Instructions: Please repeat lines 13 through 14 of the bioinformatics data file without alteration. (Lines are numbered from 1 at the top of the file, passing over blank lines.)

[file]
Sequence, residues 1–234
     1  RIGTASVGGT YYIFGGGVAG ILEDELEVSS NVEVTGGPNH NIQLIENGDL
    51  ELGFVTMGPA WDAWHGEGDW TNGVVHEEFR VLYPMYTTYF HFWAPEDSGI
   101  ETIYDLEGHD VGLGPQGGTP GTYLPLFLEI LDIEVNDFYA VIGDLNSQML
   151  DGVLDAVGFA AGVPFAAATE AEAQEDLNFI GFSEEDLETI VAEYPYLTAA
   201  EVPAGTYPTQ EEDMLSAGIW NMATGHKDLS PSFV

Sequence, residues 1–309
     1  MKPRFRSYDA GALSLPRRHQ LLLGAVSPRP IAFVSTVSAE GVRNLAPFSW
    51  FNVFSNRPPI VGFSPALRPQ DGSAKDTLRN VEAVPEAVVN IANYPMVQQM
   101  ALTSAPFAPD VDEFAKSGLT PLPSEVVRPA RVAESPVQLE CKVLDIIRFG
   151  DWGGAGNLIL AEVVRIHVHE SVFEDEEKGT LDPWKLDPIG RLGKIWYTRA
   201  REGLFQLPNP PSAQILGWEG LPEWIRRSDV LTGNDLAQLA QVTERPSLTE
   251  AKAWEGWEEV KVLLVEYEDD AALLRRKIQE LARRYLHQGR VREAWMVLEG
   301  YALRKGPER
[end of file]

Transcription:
   251  AKAWEGWEEV KVLLVEYEDD AALLRRKIQE LARRYLHQGR VREAWMVLEG
   301  YALRKGPER